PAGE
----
The Ecuadorean ambassador to the Organization of American States (OAS) resigned following pressure from Ecuador’s foreign minister to cancel a special OAS meeting on Colombia’s allegations that Venezuela is harboring the FARC, reports W Radio.
Francisco Proaño, who served as chairman of the OAS permanent council, denied that his resignation was due to pressure from Venezuela, but admitted that Ecuador’s foreign ministry had “instructed” him to prevent the meeting in which Colombia will present evidence of FARC presence in Venezuela.
“I do not think that the Venezuelan government has applied such pressure, I have spoken with representatives of Venezuela and they are very aware that the Permanent Council rules must be obeyed,” Proaño said.
As chairman of the permanent council Proaño had no power to postpone or cancel the special meeting and decided that resignation was the only solution.
“I resigned out of my desire not to violate the rules of the Permanent Council,” Proaño said.
Colombia is set to present a report on the allegations before the OAS on Thursday, and claims to have satellite photos, videos, and intelligence from rebel deserters that proves several FARC commanders are living in Venezuela, including FARC leader “Ivan Marquez.”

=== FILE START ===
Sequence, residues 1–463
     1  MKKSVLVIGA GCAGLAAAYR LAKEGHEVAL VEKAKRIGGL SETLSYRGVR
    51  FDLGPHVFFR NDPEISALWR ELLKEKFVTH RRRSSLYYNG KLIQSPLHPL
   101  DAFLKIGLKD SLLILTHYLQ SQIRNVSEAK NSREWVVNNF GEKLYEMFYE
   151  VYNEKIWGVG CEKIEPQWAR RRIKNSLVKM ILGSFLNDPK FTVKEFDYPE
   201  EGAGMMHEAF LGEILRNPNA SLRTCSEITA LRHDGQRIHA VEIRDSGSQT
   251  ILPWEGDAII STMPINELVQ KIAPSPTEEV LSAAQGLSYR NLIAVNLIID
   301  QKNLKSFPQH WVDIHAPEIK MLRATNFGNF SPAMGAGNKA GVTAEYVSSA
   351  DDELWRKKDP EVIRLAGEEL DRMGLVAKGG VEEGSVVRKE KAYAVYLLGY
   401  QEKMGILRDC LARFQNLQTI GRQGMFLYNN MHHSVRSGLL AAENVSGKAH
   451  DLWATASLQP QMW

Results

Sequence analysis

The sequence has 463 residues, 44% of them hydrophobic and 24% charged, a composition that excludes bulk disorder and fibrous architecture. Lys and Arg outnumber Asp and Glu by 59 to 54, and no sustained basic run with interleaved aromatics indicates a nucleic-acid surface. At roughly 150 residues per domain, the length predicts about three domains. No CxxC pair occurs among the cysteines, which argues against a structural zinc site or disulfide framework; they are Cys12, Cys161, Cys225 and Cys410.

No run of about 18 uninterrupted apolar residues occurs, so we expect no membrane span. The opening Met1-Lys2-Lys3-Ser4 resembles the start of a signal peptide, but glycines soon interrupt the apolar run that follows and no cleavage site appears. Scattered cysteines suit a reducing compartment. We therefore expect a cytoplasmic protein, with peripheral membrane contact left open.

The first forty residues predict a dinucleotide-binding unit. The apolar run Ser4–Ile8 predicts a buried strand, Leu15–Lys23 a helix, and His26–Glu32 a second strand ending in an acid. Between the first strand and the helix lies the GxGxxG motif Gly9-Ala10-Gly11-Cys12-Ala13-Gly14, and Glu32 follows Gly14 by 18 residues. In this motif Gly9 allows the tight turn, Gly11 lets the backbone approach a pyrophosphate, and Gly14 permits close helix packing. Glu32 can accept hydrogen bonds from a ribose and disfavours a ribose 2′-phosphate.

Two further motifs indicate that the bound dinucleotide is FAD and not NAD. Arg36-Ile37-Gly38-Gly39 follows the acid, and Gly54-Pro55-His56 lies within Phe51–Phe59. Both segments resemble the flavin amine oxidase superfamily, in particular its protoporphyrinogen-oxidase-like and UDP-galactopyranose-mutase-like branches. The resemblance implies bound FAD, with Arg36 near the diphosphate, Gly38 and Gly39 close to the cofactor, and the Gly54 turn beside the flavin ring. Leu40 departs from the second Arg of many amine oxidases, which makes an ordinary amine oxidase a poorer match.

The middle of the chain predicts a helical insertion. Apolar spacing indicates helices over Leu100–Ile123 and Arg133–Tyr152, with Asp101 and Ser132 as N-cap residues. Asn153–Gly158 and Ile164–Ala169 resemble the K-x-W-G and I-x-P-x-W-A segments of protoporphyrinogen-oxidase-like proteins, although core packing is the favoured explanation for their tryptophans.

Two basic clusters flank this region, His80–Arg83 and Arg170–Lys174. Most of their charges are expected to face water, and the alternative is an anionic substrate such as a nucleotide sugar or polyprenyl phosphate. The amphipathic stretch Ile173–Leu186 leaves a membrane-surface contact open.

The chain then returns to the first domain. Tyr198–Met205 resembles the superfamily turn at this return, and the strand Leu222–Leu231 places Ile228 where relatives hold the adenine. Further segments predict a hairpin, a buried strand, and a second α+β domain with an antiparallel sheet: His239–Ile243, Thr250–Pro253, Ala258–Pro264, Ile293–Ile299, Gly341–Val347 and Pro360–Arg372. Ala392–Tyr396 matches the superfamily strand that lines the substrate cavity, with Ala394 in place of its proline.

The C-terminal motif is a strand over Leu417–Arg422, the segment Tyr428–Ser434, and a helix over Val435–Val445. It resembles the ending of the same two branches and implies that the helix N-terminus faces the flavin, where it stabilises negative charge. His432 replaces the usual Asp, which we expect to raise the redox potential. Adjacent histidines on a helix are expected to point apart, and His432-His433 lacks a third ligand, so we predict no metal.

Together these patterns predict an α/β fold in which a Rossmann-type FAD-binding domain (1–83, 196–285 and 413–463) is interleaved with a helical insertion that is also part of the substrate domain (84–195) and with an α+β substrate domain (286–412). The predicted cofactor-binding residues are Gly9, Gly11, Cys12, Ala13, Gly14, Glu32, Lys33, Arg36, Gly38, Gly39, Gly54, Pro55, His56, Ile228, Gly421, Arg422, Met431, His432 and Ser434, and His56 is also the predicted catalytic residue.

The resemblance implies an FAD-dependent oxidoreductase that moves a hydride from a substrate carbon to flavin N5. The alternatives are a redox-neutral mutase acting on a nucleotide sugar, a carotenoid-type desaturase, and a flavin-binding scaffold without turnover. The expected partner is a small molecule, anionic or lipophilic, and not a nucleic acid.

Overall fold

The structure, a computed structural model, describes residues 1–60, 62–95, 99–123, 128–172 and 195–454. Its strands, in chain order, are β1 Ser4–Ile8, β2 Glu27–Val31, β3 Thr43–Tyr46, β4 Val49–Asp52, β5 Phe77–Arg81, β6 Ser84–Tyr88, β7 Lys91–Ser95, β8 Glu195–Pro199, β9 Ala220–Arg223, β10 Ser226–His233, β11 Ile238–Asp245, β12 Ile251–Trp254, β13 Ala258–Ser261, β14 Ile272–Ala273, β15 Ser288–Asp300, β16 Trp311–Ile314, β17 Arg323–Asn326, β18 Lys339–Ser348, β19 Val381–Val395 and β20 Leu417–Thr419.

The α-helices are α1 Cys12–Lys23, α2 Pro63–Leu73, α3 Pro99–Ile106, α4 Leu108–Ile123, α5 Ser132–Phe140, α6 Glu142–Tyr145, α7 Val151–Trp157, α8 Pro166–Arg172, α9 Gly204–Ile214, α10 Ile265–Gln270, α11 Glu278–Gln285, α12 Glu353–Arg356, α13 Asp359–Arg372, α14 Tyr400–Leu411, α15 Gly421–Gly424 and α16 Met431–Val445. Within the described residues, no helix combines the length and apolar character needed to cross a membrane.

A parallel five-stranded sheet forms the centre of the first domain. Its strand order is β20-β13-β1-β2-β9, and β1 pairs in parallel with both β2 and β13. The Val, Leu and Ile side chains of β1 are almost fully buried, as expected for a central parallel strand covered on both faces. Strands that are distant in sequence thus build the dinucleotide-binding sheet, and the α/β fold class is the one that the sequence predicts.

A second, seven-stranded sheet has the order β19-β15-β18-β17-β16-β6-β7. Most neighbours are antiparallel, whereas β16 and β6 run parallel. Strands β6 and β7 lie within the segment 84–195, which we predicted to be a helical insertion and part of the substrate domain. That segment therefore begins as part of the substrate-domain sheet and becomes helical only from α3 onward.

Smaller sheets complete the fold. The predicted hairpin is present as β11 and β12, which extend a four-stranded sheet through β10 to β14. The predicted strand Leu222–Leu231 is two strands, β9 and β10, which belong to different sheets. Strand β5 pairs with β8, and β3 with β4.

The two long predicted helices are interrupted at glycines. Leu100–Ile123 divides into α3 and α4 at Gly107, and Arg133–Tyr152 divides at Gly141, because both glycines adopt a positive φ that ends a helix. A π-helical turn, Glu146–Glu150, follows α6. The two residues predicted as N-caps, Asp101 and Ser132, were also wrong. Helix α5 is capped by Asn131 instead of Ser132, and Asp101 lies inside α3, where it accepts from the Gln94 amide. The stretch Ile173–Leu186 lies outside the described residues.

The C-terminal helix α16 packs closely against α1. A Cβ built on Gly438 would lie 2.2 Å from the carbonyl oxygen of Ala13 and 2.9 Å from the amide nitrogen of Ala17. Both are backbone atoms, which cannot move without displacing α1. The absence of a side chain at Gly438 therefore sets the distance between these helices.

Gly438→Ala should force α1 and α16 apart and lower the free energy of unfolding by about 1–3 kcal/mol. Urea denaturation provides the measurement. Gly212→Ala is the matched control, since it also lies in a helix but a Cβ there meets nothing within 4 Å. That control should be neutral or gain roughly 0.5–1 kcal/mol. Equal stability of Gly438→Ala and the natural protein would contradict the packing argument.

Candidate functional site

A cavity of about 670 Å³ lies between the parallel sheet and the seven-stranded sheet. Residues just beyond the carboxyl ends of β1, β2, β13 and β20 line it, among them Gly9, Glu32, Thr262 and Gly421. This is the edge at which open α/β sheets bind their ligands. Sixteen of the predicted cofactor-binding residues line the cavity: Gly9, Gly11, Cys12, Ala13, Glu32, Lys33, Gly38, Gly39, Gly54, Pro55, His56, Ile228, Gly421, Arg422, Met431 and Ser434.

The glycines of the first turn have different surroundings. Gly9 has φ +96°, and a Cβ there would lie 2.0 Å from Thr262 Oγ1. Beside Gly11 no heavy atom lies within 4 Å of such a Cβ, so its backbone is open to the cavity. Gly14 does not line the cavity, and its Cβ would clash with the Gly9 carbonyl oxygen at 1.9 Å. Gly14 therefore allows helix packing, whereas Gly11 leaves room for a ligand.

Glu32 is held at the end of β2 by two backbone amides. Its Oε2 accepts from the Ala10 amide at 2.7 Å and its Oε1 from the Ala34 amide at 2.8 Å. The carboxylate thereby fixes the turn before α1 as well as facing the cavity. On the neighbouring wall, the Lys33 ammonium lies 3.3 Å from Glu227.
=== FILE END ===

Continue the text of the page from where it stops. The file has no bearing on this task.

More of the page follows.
Proaño said that the Ecuadorean foreign ministry seeks “a different solution between the brother countries,” and wants the meeting to be postponed.
Ecuador appointed former Foreign Minister Maria Isabel Salvador as Proaño’s replacement.
Venezuela is seeking support from fellow Bolivarian Alliance for the Americas (ALBA) countries against Colombia’s allegations, and plans to send Foreign Minister Nicolas Maduro and Defense Minister Carlos Jose Mata Figueroa to the meeting.
Last week the Colombian government claimed to have recent and indisputable proof that FARC leaders including Ivan Marquez and Rodrigo Granda are hiding out in Venezuela.
According to Colombian Defense Minister Gabriel Silva, a combination of information gathered from demobilized guerrillas and “technical intelligence” positions the FARC commander in Venezuela, close to the Colombian border city of Villa del Rosario.
Farmers from a rural area in Colombia’s Norte de Santander department allege that on Tuesday Venezuelan soldiers crossed the border into Colombia and fired shots into the air.
Colombia has made numerous accusations that Venezuela harbors FARC guerrillas within its borders. The Venezuelan government has always vehemently denied the allegations and maintains Venezuela is not a guerrilla safe haven.